The spooky castle

Chillingham Castle, Northumberland

The ancient and remarkable 12th century fortress of Chillingham Castle was once home to Sir Humphry Wakefield and his family. Largely unchanged since its medieval beginnings, the Great Halls and State Rooms reveal fascinating tapestries, arms and armour while outside, there are 18th century gardens to explore and the chance to get up close with the famous and incredibly rare wild cattle.

The castle’s long list of royal guests includes King Henry III, Edward I and Charles I, the latter of whom stayed here for three nights before he was imprisoned. But it’s the unwanted guests which make this castle different. It’s claimed that Chillingham is Britain’s most haunted castle, with high levels of reported paranormal activity. When you walk through the dungeons and torture chambers and hear the grisly tales of the people who were executed here you will start to see why.

The atmospheric castle

Dunstanburgh Castle, Northumberland

Set on a remote, windswept coastal headland, Dunstanburgh Castle is an iconic ruin, once one of the largest and grandest fortifications in Northern England. Built in the 14th century by Thomas, Earl of Lancaster, it is now owned by the National Trust and managed by English Heritage. Brooding and atmospheric, the castle can't be reached by road and is instead accessed by picturesque walks along panoramic cliffs from Craster, or over the dunes and beach from Embleton.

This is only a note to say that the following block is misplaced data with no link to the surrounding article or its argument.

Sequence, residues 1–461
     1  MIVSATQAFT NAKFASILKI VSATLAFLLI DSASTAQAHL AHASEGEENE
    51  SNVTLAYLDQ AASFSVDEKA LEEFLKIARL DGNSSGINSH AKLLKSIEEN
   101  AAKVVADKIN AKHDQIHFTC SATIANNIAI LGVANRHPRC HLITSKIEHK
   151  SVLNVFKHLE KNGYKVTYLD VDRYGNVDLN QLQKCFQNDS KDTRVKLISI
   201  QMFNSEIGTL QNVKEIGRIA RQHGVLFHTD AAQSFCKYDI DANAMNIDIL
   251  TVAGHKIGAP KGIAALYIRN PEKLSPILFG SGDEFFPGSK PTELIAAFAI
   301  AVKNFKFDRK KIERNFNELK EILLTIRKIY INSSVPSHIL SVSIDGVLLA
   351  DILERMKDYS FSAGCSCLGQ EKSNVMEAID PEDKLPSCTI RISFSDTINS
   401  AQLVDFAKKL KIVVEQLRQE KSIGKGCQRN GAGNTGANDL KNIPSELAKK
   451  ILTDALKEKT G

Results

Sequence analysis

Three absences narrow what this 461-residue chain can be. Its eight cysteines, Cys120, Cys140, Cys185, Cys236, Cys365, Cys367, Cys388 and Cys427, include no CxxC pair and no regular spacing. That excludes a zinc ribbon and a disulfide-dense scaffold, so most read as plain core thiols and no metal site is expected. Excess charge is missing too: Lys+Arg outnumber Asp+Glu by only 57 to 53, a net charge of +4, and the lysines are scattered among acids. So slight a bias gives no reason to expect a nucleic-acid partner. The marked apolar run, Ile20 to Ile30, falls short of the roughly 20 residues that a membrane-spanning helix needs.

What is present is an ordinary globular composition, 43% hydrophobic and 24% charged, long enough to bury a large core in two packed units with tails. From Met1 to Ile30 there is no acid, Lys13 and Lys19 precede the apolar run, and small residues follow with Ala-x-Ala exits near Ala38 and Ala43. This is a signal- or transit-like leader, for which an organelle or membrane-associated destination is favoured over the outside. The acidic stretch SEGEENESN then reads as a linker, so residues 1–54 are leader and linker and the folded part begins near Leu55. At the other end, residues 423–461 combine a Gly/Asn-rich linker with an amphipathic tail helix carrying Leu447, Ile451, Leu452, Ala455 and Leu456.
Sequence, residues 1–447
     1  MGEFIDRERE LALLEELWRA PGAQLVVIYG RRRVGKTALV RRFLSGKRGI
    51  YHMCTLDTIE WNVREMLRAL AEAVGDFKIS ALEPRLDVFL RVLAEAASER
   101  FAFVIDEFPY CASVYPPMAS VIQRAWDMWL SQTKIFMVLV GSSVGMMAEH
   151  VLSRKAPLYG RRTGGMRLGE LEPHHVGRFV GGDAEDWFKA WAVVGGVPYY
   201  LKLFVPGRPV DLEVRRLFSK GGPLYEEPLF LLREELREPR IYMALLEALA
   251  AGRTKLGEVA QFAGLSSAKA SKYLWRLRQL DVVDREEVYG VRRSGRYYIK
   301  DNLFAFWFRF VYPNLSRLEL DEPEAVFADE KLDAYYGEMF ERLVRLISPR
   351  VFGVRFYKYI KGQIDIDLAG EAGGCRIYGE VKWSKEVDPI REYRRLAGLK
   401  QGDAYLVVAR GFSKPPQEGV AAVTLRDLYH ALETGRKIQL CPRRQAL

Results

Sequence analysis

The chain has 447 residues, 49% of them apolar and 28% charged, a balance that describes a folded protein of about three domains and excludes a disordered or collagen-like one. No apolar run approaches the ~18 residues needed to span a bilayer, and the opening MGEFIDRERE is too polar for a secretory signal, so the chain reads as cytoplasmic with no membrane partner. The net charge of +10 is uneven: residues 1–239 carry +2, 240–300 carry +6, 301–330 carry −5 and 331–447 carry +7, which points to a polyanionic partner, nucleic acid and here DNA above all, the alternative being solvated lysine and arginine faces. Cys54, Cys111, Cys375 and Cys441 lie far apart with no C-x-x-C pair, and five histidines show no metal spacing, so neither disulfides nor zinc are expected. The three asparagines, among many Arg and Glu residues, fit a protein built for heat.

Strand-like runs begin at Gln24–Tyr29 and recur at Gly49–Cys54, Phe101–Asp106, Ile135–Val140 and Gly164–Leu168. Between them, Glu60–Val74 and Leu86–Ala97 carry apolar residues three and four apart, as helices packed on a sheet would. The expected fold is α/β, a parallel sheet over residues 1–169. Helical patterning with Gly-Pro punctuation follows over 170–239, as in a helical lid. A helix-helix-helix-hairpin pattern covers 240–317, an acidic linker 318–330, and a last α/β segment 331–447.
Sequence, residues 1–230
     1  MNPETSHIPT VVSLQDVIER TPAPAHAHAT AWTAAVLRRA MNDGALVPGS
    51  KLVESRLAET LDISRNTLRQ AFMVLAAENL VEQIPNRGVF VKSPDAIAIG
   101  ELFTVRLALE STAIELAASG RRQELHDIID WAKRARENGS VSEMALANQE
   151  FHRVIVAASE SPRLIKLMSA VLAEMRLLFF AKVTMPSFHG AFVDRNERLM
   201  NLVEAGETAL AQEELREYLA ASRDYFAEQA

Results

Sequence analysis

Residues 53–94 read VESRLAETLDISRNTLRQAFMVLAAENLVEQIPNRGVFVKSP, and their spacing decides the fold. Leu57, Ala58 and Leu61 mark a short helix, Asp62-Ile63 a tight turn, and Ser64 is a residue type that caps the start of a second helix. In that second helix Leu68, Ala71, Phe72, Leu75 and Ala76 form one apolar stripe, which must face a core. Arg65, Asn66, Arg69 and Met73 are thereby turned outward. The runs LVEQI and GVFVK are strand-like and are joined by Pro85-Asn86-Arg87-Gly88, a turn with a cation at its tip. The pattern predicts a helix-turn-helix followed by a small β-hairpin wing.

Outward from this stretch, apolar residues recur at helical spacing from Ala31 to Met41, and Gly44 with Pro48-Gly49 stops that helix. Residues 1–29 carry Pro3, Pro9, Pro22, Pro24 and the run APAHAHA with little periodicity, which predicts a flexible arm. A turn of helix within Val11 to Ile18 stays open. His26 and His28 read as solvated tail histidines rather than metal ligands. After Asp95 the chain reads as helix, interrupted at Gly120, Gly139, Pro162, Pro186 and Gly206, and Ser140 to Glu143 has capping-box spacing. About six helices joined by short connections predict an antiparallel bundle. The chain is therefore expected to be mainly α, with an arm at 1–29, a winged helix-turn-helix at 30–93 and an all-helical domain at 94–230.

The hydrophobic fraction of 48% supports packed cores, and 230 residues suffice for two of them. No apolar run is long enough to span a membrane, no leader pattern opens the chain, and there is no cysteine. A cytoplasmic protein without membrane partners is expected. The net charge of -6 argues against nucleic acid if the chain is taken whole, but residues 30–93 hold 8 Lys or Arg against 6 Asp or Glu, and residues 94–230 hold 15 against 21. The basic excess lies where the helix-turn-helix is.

The castle was the scene of much bloodshed during the War of the Roses - it was twice besieged and captured by Yorkist forces, but subsequently fell into decay. Since then its crumbling ruins have inspired writers and painters like Turner, and caught at sunrise or sunset, is a photographer’s dream, casting a dramatic silhouette upon the vast coastal sky.

The remote castle

Lindisfarne Castle, Northumberland

Perched on a rocky peak atop an island that’s accessible only when the tide is out, you can’t get much more remote – or well protected – than Lindisfarne Castle. Following the dissolution of the monasteries by Henry VIII, this 16th century Tudor stronghold was built to defend the Harbour of Holy Island using stone recycled from the demolished Lindisfarne Priory.

It was manned by armed guards until 1893 when it fell into disrepair before being bought and converted into a private holiday home by famed architect Edwin Lutyens for the founding editor of Country Life magazine in 1901. Now in the hands of the National Trust, you can cross the causeway (check the tide times beforehand) and explore its intriguing interiors as well as its enchanting walled garden designed by Gertrude Jekyll.

Map of castles in Northumberland

From haunting ruins to imposing palaces, Northumberland’s castles are a must-see when visiting this beautiful part of North East England. Why not make the most of your historical holiday by staying in one of our cottages in Northumberland? Whether you are a couple looking for a romantic break for two or a family searching for a fun-filled break in a larger property, we have plenty of places to rest in comfort and style after a day exploring.

Need more inspiration? Our ‘Things to do in Northumberland’ guide is packed with ideas for days out!